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New things from Waverley, coming next week, just in time for Burns' Night - themed tartan notebooks, commemorating… twitter.com/i/web/status…2 weeks ago

RT @JanEllis_writer: Should be good! twitter.com/Teresa_Morga… 2 weeks ago

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Waverley's Blog and News

Welcome to our latest news

Exhibition dates 2020

SCOTLAND'S TRADE FAIR - 19/21 JANUARY 2020 - STAND D30 - Auld Lang Syne!

This will be the fifth time Waverley exhibits at this show. We have worked hard and recognised our customers' need for high-quality Scottish products. We are launching 4 new song-themed notebooks specially designed for the Scottish market. We will be exhibiting at the show to provide support and a meeting place for our Scottish customers to see these exciting new releases for 2020. We will have additions to our range in the summer.

SPRING FAIR BIRMINGHAM - 2/6 FEBRUARY 2020 - HALL 2 STAND 2D30
The Largest Trade Show of the Year, spanning over 19 Halls at the NEC in Birmingham. We'll be releasing fantastic new 2020 Everyday and Christmas designs for Retailers Export distributors to see in the flesh, for the first time.

March 2020 London Book Fair 10 - 12 March 2020

We will exhibit again at the London Book Fair to meet our customers and friends and to show our books, Scottish books and gifts.

Wild and Majestic: Romantic Visions of Scotland - exhibition at The National Museum of Scotland from 26 June - 10 November 2019

Wild and Majestic: Romantic Visions of Scotland

This summer the National Museum of Scotland presents a new exhibition examining how "the cultural traditions of the highlands had become fixed as a representation of wider Scottish identity and shows how this romanticised ideal of Scotland was not purely invention, as cultural traditions were preserved, idealised and reshaped to suit contemporary tastes against a background of political agendas, economic and social change from the end of the Jacobite challenges to the reign of Queen Victoria."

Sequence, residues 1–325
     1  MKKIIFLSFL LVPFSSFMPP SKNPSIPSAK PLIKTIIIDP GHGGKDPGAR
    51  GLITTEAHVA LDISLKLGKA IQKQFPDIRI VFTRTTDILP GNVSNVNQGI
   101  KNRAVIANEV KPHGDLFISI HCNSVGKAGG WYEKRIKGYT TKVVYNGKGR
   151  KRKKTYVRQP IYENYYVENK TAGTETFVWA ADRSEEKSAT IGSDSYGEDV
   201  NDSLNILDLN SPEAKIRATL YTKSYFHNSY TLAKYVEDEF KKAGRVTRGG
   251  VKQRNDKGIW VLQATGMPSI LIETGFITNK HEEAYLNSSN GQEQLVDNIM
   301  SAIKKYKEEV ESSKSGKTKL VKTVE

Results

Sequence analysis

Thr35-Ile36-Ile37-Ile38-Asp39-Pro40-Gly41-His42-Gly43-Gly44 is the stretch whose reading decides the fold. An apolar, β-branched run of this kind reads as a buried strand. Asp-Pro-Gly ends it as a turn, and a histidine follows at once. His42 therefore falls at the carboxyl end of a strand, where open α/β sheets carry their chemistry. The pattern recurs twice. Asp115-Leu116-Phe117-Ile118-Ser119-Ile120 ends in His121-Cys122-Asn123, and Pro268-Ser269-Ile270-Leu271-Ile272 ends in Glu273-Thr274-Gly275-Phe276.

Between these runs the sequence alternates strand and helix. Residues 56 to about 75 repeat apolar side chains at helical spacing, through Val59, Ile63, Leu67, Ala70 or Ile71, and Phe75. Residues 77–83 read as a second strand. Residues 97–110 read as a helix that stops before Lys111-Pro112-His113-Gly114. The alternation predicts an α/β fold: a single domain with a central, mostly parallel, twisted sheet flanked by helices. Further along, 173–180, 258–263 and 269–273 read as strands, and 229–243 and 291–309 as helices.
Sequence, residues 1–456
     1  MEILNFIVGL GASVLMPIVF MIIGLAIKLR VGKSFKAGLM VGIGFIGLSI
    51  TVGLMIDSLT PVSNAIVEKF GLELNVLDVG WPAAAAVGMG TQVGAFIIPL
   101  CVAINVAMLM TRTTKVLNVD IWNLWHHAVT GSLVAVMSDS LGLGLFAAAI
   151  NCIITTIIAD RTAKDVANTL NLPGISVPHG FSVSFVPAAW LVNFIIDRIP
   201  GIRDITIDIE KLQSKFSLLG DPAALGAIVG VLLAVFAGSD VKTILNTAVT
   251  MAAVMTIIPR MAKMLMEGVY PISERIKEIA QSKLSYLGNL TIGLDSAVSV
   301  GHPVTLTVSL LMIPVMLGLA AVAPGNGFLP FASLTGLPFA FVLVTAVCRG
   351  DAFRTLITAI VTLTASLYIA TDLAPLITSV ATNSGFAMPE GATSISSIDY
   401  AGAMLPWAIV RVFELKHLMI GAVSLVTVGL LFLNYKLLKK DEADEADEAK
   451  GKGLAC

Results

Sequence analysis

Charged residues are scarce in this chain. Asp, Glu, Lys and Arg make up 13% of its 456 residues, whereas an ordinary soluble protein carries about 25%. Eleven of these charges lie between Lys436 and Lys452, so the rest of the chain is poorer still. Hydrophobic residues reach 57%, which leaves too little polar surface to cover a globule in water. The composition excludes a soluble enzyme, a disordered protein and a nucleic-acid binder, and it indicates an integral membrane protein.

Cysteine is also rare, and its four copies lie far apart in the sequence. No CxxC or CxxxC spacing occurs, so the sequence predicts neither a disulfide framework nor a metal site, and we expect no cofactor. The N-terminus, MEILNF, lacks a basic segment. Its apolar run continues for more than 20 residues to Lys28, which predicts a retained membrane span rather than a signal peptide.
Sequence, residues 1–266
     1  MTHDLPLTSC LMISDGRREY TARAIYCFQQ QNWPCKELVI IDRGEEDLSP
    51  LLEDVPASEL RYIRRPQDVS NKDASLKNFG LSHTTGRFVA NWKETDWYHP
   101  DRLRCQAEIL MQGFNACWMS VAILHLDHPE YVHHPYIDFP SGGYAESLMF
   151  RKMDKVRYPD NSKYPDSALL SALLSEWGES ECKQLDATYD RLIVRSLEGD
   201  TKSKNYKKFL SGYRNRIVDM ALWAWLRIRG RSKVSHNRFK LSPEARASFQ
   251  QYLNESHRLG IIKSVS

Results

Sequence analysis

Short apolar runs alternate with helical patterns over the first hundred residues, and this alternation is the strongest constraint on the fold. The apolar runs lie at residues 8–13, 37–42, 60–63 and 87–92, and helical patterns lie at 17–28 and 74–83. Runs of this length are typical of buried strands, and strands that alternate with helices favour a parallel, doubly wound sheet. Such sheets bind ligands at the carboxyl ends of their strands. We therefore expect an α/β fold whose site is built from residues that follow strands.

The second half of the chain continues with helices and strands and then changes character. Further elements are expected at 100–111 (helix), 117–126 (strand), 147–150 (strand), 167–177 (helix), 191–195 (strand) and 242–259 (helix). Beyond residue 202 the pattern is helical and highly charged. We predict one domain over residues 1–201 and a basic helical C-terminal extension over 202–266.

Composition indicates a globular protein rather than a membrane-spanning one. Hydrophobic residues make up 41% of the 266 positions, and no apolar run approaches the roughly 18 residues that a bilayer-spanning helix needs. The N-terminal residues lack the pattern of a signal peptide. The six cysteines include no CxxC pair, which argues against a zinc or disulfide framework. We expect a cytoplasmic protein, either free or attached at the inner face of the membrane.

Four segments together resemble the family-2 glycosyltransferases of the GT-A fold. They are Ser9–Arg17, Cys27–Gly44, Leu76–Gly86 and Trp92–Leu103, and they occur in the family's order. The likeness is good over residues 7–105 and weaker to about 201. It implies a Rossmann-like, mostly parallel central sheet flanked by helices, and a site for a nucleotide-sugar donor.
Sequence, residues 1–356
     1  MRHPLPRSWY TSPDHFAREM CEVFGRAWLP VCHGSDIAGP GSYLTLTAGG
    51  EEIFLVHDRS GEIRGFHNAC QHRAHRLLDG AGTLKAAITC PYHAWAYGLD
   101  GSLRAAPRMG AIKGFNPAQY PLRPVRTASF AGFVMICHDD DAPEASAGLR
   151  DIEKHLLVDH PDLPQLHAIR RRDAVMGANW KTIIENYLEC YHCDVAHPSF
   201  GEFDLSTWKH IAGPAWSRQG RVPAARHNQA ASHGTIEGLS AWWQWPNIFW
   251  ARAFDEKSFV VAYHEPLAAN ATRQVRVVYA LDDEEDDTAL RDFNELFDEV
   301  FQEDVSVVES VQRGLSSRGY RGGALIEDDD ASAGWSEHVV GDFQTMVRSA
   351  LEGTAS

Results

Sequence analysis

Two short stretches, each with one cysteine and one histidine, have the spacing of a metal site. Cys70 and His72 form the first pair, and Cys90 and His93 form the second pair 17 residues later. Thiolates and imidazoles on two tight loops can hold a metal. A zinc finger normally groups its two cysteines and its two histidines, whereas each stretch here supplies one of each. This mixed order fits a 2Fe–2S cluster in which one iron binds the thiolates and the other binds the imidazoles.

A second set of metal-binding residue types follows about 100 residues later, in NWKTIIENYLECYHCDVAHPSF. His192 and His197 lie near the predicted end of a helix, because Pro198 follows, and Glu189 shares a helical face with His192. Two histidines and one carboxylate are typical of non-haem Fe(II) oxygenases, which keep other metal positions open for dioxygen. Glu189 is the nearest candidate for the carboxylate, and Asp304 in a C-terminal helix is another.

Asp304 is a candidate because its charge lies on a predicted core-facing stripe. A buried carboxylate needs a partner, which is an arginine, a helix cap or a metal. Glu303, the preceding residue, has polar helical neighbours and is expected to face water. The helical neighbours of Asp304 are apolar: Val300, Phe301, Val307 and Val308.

Wild and Majestic: Romantic Visions of Scotland is supported by Baillie Gifford Investment Managers and runs from 26 June to 10 November.

This copy is taken from The National Museums of Scotland website.

What is a commonplace notebook?

What is a ‘commonplace’ notebook?

The ‘commonplace book’ popular in the 16th and 17th centuries was a sort of personal scrapbook.

Writers, scientists, philosophers, thinkers – let’s call them writers, used commonplace notebooks where they could copy, or jot down, items of interest. The commonplace, then, was a personal treasure trove of information. Although the printing press had been invented in 1450, by Gutenberg, and thus enabled the mass production of books and fast flow of knowledge across Europe, it would take another 400 years for printing presses to be ‘common'.

Sharing with friends

Paper and notebooks were expensive, so in the 1500s and 1600s, writers lent their commonplace books to friends. Friends then would pore through the entries and copy anything of interest for themselves in their commonplace notebook.

The practice of maintaining a commonplace book and exchanging texts with others also served as a form of self-definition. The poems or aphorisms you chose to copy into your book, or to pass on to your correspondents, said a lot about you. The commonplace book as a whole was a reflection of your character and personality.

Did Robert Burns wear tartan/plaid? And did Burns wear a kilt?

At this time of year, with Hogmanay fast approaching, eyes turn to Scotland.

We have been recently asked - did Robert Burns wear tartan and did he wear a kilt?

Burns was a lowland farmer. He was conventionally dressed, in breeches. He wore the Shepherd's Check, a black and white checked fabric. This design is also known as the Border tartan, and that is sometimes known as the Northumbrian tartan, Shepherd's Plaid, or Borders' check. It has been around for a long time and so it has many names. Sir Walter Scott was also known to wear the Border tartan. James Hogg also wore this tartan. The modern Border tartan is a crossweave of small dark and light checks, much simpler than many of the colourful, complex tartans we know and think of today when tartan is mentioned.

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